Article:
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RE: Default values in XML Schema - why should we bother?

From: Scott Cantor <cantor.2@osu.edu>
Date: Wed, 5 May 2010 10:30:31 -0400
To: "'Meiko Jensen'" <Meiko.Jensen@ruhr-uni-bochum.de>, "'XMLSec WG Public List'" <public-xmlsec@w3.org>
Message-ID: <032201caec5f$84646260$8d2d2720$@2@osu.edu>
> Why should we bother?

Historically it just wasn't addressed, and so the problem is that if the
signer schema-validates when parsing and the verifier doesn't, or vice
versa, you get different results from c14n of that DOM. Defaults are one
reason, schema normalization of data types is the other.

The question we have to address is whether to do anything about it or
nothing. There are reasonable arguments for nothing, but ultimately it's up
to c14n to address it, or not, based on whether the XSD validation model is
"in scope" or not. Historically only core XML validity has been in scope.

> If signature application, verification, and processing all stick to the
> same approach (i.e. either all or none of them validates XML Schema) we
> are fine.

But that's not reality, particularly since often the signer is constructing
the DOM directly. It's rare for the signer in a non-document scenario to be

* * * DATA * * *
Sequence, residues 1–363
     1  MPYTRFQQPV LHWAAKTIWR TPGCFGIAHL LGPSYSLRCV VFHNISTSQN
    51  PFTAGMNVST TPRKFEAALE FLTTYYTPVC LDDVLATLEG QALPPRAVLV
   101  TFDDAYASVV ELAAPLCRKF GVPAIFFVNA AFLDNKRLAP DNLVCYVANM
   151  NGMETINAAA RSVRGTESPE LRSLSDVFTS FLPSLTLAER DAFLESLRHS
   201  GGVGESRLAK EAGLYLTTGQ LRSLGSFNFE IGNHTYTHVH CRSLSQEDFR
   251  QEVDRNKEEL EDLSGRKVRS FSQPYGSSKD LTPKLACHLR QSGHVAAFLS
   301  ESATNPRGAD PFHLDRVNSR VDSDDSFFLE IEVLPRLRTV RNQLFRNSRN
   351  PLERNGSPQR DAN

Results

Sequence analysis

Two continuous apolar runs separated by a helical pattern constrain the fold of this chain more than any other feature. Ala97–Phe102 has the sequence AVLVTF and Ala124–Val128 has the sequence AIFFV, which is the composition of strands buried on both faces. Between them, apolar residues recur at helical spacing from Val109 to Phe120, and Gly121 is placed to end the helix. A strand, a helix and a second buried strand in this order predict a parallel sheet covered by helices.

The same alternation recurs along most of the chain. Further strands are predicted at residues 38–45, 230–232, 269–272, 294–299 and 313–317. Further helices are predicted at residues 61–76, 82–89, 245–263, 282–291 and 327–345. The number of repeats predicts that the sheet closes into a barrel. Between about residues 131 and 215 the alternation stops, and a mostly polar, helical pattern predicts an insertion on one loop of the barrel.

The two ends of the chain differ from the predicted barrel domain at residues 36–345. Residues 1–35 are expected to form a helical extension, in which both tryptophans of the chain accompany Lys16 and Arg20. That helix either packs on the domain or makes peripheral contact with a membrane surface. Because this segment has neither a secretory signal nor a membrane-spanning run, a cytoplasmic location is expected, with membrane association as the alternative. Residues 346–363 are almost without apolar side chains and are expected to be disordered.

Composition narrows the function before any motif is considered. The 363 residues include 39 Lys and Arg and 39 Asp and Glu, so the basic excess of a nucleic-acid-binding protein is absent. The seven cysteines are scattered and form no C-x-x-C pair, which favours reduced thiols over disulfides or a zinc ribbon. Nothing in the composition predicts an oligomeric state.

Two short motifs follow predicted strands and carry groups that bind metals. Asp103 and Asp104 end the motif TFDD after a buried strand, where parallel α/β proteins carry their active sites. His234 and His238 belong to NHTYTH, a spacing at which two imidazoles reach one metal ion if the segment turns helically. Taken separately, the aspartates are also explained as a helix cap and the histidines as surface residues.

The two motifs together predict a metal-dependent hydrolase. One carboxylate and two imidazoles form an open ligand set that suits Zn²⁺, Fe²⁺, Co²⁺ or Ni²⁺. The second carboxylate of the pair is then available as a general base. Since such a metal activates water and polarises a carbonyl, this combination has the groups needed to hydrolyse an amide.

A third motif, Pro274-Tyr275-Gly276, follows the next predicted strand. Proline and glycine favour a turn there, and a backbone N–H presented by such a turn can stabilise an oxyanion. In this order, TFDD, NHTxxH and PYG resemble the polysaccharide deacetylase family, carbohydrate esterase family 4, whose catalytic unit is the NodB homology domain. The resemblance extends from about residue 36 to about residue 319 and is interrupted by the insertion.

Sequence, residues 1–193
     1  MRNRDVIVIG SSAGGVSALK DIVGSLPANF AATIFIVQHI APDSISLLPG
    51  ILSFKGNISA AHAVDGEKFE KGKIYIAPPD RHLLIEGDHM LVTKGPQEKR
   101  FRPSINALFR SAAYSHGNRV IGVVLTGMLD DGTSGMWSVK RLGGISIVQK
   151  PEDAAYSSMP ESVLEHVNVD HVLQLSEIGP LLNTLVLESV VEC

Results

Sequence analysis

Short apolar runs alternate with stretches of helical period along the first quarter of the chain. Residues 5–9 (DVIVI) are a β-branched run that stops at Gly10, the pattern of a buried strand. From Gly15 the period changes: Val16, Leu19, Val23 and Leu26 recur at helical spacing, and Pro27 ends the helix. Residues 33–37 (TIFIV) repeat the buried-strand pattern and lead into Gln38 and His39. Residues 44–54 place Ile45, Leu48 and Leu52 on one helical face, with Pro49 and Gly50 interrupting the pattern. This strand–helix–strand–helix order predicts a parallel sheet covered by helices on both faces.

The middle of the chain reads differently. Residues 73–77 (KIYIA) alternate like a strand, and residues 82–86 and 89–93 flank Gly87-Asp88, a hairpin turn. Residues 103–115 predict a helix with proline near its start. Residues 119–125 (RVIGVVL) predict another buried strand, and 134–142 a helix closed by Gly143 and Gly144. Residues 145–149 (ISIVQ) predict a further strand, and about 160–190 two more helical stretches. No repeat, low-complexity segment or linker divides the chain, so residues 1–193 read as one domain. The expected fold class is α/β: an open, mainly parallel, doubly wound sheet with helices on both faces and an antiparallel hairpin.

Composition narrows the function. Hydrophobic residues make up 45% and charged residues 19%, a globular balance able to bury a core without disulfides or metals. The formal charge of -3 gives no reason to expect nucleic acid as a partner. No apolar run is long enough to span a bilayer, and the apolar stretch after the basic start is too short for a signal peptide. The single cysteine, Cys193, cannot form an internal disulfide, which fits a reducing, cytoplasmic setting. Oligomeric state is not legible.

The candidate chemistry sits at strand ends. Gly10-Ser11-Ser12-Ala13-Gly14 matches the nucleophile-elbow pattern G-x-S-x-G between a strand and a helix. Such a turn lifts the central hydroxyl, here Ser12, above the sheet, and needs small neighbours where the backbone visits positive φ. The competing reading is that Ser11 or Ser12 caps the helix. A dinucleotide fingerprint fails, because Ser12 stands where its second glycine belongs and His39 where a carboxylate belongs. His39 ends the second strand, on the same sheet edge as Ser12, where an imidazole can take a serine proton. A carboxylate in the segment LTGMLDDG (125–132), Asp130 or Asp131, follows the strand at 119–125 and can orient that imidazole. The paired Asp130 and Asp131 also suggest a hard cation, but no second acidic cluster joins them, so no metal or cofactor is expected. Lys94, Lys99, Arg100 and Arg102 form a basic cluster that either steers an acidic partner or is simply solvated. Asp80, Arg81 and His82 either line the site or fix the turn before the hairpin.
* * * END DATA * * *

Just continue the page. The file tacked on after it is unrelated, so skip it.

validating what it built. So the effect of your suggestion is to tell
verifiers not to validate (or to separate the two steps). That's an option,
but with some tools it's quite inefficient to the point that it also ends up
being a prohibition on validation.

> However, all of these attack vectors rely on that the attacker is
> capable of modifying the XML Schema used for validation at the
> recipient's side. I'm not sure it is possible to embed a full XML Schema
> e.g. in a SOAP message and convince the recipient to use that one for
> validation. Maybe we should put a short text regarding this in the best
> practices document?

If you mean secure schema association, that's really an XML Schema issue,
not a Signature one.

But to answer your question, yes, bad code can be fooled into loading
arbitrary schemas. I wish parsers by default would provide automatic
prohibitions on remote DTD and schema access.

-- Scott
Received on Wednesday, 5 May 2010 14:31:12 GMT

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